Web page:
Benefits were the real winners in the stopgap government funding Bill H.R. 195. On January 22, 2018, President Trump signed into law a Continuing Resolution (CR) that included major healthcare priorities. The short-term government funding bill temporarily ends the government shut down and funds it through February 8, 2018. So, we’ll be seeing more activity on appropriations in the near future. However, the Bill that was passed and signed into law addresses many healthcare issues. One, in particular, that many healthcare advocates have been working on as one of their top advocacy priorities.
The so-called “Cadillac Tax” will levy a 40 percent tax on the value of the employer-sponsored insurance that exceeds a certain threshold. Unfortunately, the calculation of the threshold includes employee contributions to Health Flexible Spending Accounts (FSAs) and Health Savings Accounts (HSAs).
It also hands over the onerous task to employers of calculating overages, on a per-employee basis for all benefits offered, and then allocating and collecting the taxes from their various benefits providers and administrators.
Originally slated to begin operation in 2018, previous legislation delayed this tax until 2020. H.R. 195 provides relief for an additional two years, delaying implementation of this excise tax until 2022.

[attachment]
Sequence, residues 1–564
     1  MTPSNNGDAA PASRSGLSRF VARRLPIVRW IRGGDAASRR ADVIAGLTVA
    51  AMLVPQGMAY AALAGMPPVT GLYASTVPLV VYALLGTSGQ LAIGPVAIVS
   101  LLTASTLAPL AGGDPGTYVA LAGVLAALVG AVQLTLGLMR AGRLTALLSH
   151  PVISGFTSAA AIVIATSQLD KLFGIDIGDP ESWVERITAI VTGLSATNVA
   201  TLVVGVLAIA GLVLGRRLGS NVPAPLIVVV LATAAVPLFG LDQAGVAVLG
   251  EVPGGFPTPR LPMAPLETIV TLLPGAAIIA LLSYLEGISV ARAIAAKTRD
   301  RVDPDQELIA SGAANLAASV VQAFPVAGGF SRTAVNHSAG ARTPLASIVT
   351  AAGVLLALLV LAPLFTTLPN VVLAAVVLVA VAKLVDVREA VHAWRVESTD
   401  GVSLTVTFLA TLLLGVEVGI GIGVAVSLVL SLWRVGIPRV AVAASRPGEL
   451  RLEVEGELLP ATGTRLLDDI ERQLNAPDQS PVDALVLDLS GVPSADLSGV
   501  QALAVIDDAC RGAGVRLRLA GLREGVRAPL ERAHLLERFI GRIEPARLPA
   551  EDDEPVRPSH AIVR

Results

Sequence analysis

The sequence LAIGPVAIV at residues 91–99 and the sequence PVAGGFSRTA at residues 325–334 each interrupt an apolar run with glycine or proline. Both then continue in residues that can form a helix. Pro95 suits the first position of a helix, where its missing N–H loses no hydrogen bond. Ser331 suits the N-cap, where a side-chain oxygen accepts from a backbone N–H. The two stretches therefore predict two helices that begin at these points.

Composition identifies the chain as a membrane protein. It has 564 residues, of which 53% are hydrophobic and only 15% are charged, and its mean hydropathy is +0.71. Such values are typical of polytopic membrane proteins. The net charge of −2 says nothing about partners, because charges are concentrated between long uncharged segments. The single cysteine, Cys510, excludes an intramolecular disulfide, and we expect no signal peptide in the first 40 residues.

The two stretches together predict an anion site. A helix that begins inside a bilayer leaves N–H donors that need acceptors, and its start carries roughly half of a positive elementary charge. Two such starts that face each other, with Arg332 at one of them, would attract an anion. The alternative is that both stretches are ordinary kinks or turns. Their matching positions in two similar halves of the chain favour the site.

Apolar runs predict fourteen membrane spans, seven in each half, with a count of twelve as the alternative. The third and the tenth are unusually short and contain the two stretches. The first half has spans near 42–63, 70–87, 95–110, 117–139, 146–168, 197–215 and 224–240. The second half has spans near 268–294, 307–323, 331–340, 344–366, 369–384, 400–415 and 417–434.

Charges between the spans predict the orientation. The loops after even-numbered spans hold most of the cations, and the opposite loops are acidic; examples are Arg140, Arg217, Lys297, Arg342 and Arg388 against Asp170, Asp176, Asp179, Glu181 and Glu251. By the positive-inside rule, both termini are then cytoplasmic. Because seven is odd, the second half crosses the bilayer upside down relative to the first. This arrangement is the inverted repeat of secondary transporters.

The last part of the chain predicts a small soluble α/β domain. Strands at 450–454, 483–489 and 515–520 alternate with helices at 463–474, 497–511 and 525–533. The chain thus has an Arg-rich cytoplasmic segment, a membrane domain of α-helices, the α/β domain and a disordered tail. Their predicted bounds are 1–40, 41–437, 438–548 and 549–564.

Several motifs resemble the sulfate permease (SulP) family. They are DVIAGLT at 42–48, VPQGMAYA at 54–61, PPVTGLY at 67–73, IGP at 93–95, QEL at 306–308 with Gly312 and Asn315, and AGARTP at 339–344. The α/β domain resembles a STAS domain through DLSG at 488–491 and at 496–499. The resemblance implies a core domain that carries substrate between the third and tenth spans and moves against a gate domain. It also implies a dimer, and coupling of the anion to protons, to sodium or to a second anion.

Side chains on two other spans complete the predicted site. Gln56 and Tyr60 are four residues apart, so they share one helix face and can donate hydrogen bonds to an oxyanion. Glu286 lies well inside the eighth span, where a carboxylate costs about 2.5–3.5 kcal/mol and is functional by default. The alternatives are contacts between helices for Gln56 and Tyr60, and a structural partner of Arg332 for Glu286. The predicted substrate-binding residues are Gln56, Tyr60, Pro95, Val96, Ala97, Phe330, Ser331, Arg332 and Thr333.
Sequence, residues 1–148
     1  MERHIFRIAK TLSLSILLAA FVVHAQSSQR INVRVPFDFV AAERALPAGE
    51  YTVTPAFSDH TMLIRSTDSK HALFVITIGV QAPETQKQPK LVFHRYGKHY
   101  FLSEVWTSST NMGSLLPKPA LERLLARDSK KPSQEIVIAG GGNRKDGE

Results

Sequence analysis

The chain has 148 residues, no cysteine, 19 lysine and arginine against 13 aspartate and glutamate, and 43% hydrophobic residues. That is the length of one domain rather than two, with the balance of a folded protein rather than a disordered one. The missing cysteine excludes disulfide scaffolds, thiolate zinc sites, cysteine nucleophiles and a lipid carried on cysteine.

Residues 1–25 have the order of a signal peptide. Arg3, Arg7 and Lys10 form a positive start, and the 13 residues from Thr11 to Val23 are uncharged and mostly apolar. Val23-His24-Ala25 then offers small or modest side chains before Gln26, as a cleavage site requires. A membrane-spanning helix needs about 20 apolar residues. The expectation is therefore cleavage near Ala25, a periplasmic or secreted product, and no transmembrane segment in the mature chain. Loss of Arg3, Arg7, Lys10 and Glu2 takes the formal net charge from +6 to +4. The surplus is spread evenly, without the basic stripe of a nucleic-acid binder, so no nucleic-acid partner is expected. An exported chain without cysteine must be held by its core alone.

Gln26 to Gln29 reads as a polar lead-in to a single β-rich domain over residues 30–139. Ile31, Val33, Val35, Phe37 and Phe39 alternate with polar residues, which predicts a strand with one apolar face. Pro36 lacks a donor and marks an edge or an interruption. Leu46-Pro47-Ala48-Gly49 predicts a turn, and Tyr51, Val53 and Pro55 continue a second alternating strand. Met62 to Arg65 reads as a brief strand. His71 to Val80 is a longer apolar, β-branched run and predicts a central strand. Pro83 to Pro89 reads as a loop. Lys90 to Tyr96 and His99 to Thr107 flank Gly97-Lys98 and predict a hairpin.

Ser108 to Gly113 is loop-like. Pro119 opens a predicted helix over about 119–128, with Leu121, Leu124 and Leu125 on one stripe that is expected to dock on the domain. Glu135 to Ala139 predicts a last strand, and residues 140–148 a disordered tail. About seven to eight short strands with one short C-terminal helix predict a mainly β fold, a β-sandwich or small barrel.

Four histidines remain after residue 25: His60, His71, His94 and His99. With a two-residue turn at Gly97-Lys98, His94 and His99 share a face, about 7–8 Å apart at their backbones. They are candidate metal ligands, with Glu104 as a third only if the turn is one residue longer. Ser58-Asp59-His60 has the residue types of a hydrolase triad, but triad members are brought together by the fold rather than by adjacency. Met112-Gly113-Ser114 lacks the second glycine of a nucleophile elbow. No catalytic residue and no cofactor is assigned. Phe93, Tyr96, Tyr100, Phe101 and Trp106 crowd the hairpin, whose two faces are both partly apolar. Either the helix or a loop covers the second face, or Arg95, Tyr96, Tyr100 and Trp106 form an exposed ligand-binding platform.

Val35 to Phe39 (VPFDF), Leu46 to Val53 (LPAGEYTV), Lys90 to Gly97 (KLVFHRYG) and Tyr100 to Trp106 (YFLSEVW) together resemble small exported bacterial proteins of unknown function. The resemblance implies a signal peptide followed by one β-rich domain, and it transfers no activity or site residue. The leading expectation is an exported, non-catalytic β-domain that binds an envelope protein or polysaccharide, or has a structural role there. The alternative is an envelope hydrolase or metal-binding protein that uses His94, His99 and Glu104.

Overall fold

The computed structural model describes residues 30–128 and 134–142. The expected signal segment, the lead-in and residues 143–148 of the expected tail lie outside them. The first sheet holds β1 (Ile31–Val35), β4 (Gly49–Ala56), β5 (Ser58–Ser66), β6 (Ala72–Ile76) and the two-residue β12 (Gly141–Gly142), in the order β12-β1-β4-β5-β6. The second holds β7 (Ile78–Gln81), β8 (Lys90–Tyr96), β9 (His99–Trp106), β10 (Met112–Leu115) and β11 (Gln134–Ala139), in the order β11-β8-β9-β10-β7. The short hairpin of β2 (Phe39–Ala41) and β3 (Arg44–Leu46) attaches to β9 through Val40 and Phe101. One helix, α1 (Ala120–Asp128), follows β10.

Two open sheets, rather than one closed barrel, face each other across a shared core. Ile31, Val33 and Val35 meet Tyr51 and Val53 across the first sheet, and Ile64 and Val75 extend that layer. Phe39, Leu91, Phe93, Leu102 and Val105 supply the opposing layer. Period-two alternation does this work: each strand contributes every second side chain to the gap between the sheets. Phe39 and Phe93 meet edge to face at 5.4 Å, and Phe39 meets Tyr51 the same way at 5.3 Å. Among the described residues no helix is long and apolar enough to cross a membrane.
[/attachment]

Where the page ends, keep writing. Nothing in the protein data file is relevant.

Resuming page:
Professional Liability Insurance Group applauds the delay afforded to employers and employees alike. Nevertheless, despite the four-year respite, advocates continue to lobby for full and permanent repeal of this burdensome and expensive provision—or at the very least, an exclusion from the threshold of employee contributions to Health FSAs and HSAs.
Children’s Health Insurance Plans (CHIP)
The CHIP program helps families with children who are caught between Medicaid and unaffordable private insurance. This much-needed safety net has been funded for the next six years, providing certainty to state CHIP programs and peace of mind for CHIP families.
Health Insurance Fee
The annual fee levied on health insurance is paid by insurance providers, and drove up monthly premiums while making health insurance more expensive for everyone. The health insurance fee will not be applicable for 2019. It is set to reappear in 2020.
Medical Device Excise Tax
The manufacturers of medical devices, such as pacemakers, also paid an excise tax on their products. This excise tax drives up the cost of medical devices and perhaps hinders development of new products. Again, as with the Cadillac Tax and health insurance fee, this 2.3 percent excise tax on medical devices was delayed, but not eliminated, until 2020.
The text of H.R. 195 can be found here.